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GOP Govs to Biden: Don’t Force Your Progressive Politics on our Highway Projects

GOP governors don’t want any curtailment of highway widening. Above, a highway in Pittsburgh. Photo: File

A group of Republican governors banded together this week to resist the federal government's push to use the new $1.2-trillion infrastructure package to promote progress on climate change, jobs and racial justice.

The 16 state chief executives wrote to President Biden on Wednesday demanding that the administration "not burden states or private sector partners with needless and unnecessary red tape,” in the distribution of funds for projects under the Infrastructure Investment and Jobs Act.

But it wasn't really red tape that the governors took aim at — it was tape that was green or rainbow-hued. The letter specifically cites objections to the federal effort to only fund projects that seek to mitigate global warming or rectify racist land-use policies.

“Excessive consideration of equity, union memberships or climate as lenses to view suitable projects would be counterproductive," the governors wrote. "Your administration should not attempt to push a social agenda through hard infrastructure investments and instead should consider economically sound principles that align with state priorities.”

Exhibit A for what the governors called "a clear example of federal overreach" would be "an attempt by the Federal Highway Administration to limit state widening projects," which, the governors wrote, "would be biased against rural states and states with growing populations." The governors argued that highway expansions "drive economic growth" — but many studies indicate that wider highways lead only to sprawl, pollution and, through the phenomenon of "induced demand," more time- and productivity-killing congestion.

The infrastructure bill, which passed last November with bi-partisan support, was supposed to usher in a new era of cooperation in Washington around the shared national goals of fixing roads, bridges and transit. It only has led to more division, however, as Biden's Build Back Better Act, which envisions even more sweeping climate-change and jobs measures, remains stalled.

The governors were reacting to a Jan. 4 letter that Biden's infrastructure implementation coordinator, Mitch Landrieu, sent to governors urging them to be "good stewards" of the federal money by "working to achieve goals around creating good middle-class jobs, supporting disadvantaged and underserved communities, advancing climate resilience and sustainability, and investing in American manufacturers.” Landrieu said that regulations governing the expenditures would enshrine those priorities.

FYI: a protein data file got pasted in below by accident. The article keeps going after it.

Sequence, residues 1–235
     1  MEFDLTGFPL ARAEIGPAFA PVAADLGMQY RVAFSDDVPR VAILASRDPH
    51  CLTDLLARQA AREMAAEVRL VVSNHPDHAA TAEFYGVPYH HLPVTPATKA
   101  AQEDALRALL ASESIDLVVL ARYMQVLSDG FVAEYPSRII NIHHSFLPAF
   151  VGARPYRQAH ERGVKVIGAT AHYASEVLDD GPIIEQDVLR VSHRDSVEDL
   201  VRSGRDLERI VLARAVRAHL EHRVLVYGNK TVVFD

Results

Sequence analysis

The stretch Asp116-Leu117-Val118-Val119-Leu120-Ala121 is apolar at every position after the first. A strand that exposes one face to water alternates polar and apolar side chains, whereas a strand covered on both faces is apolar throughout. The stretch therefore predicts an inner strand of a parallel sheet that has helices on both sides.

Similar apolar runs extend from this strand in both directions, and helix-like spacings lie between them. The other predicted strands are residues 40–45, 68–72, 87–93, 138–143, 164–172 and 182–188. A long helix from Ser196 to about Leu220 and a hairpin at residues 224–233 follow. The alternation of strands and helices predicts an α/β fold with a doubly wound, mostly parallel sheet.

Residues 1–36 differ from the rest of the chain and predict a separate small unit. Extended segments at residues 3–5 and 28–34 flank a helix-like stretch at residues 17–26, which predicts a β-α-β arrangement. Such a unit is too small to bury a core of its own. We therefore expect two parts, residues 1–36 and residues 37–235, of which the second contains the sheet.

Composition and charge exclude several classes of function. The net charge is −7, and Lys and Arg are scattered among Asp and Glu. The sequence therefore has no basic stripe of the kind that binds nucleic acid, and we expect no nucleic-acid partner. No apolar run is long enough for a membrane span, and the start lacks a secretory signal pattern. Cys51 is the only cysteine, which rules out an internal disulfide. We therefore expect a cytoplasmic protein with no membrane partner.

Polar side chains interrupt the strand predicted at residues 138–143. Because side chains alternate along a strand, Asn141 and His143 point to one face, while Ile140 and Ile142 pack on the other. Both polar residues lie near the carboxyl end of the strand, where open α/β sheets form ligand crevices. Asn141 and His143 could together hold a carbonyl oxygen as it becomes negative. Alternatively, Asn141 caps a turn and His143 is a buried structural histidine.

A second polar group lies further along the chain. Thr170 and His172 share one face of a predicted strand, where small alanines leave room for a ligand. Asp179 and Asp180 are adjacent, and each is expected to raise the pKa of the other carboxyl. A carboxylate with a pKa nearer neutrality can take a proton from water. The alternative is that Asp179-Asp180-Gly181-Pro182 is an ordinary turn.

Removing highways that had the racist intent of dividing and impoverishing Black communities has been a focus of Transportation Secretary Pete Buttigieg, who recently decried how "Black and brown neighborhoods ... were divided by highway projects plowing through them because they didn’t have the political capital to resist.”

Such stands have brought him opprobrium from the right, with Fox News pillorying him for those views. Meanwhile, Republican infrastructure proposals arguably would make climate change worse: They go all-in on cars, raising the funding for roads and bridges, cutting funding for public transportation and intercity rail, and opposing zoning reform, all of which are essential for decarbonizing the transportation sector.

Advocates, for their part, are mobilizing to make sure that the federal dollars go to the right projects, with Transportation for America, the National Association of City Transportation Officials, America Walks, and the League of American Bicyclists joining for an online forum on Jan. 26.

"States have the ability to improve safety, equity, public health and economic outcomes in transportation but the discretion not to — a framework the administration agreed to in the infrastructure deal," said Beth Osborne, the director of Transportation for America. "At this point, the administration will need to use the bully pulpit and take quick action through rules, guidance and leveraging competitive programs to push state leaders that are uninterested in these priorities — like these — to get interested."

The Republican governors who signed the letter were Bill Lee of Tennessee, Kay Ivey of Alabama, Mike Dunleavy of Alaska, Asa Hutchinson of Arkansas, Brian Kemp of Georgia, Eric Holcomb of Indiana, Mike Parson of Missouri, Greg Gianforte of Montana, Pete Ricketts of Nebraska, Chris Sununu of New Hampshire, Doug Burgum of North Dakota, Kevin Stitt of Oklahoma, Henry McMaster of South Carolina, Kristi Noem of South Dakota, Spencer Cox of Utah, and Mark Gordon of Wyoming.

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